An Astounding Universe
Many of astronomy’s pioneering discoveries and most iconic space images have come from the Hubble Space Telescope. Since its launch in 1990, Hubble has revealed secrets of our universe that continue to inspire and awe scientists the world over. With more than 1.4 million observations, Hubble has enabled more than 16,000 scientific papers, making it one of the most productive scientific instruments ever built.
From the beginning, the Hubble Space Telescope was designed to allow astronauts to repair and upgrade it. This allowed NASA to renew critical equipment during five servicing missions, updating the sensitive instruments with the latest technology.
What We Did
Instrument & Subsystem Provider, Custom Tool Builder
We built seven science instruments for Hubble, two star trackers, five major leave-behind equipment subsystems and more than eight custom tools to support astronauts during servicing missions. Each of the five science instruments now operating on the telescope were Ball-designed and built.
Perhaps the most famous of our Hubble instrument is the Corrective Optics Space Telescope Axial Replacement (COSTAR) that helped correct Hubble’s hazy vision. We designed and produced the complex COSTAR optics in only 28 months instead of the typical 48. When COSTAR and JPL’s WFPC-2 camera corrected Hubble’s vision after the first servicing mission in 1993, Ed Weiler, NASA’s chief Hubble astronomer, said the telescope was "fixed beyond our wildest expectations."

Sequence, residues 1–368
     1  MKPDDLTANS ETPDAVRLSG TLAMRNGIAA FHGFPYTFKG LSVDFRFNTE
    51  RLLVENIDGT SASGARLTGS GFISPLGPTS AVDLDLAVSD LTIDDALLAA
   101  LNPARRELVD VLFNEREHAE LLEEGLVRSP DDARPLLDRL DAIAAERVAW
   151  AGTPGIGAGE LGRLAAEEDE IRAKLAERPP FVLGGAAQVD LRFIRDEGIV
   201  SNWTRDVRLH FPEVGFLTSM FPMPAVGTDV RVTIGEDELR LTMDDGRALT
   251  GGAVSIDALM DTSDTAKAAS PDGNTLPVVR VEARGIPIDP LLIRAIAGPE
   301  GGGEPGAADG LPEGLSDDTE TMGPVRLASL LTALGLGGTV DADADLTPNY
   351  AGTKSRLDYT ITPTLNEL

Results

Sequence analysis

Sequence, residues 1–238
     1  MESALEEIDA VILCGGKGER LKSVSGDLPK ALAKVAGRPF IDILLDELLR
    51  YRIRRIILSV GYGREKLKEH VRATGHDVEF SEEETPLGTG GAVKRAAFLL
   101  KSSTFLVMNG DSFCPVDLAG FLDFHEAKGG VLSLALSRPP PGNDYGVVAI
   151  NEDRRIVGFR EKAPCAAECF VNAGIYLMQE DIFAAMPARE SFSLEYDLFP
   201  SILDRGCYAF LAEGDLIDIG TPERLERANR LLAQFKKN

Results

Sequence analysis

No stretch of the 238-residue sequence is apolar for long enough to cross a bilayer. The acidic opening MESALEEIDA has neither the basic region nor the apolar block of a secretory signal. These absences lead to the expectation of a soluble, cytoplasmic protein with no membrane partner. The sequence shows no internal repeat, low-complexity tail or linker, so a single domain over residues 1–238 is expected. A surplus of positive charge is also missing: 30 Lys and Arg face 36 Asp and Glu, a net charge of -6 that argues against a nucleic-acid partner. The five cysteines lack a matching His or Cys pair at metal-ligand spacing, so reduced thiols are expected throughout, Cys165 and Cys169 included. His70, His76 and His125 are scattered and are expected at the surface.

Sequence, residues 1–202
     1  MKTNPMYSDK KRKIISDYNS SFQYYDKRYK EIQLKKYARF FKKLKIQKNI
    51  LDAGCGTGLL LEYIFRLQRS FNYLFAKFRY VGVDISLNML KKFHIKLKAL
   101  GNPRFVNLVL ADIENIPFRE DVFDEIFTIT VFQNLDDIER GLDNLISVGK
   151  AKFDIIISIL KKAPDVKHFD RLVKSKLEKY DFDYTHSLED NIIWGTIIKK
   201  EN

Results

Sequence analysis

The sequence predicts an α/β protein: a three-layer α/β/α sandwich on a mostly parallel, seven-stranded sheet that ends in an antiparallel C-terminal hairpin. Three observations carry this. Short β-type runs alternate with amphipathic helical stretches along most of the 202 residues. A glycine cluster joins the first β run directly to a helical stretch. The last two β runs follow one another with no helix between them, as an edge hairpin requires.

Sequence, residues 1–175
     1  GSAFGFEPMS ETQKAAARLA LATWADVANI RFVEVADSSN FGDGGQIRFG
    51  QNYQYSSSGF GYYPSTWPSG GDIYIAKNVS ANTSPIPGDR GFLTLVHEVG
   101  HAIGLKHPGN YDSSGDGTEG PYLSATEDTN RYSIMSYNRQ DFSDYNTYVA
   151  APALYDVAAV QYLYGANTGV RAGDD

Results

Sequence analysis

Our seven science instruments are:
- The Cosmic Origins Spectrograph (COS) and the Wide Field Camera 3 (WFC3), installed during Servicing Mission 4 in 2009, updated Hubble’s visible and ultraviolet light imagers for higher performance. No longer needed, COSTAR was removed during this servicing mission.
- The Advanced Camera for Surveys (ACS), installed during Servicing Mission 3 in 2002 doubled Hubble’s field of view with sharper image quality and more sensitive detectors.
- Our Near Infrared Camera and Multi-Object Spectrometer (NICMOS) and Space Telescope Imaging Spectrograph (STIS) were installed during Servicing Mission 2. These instruments enabled infrared imaging of distant galaxies and the search for black holes. Our Goddard High Resolution Spectrograph (GHRS) was removed after seven successful years of operation.
- COSTAR was installed during Servicing Mission 1 in 1993 along with JPL’s WFPC-2 to correct Hubble’s hazy vision.
- GHRS, launched on Hubble in 1990, was designed to detect ultraviolet light, allowing the detailed study of stars, galaxies and planets.
Each Ball instrument installed on Hubble incorporated its own corrective optics and used leading edge technologies designed to deliver the highest science return.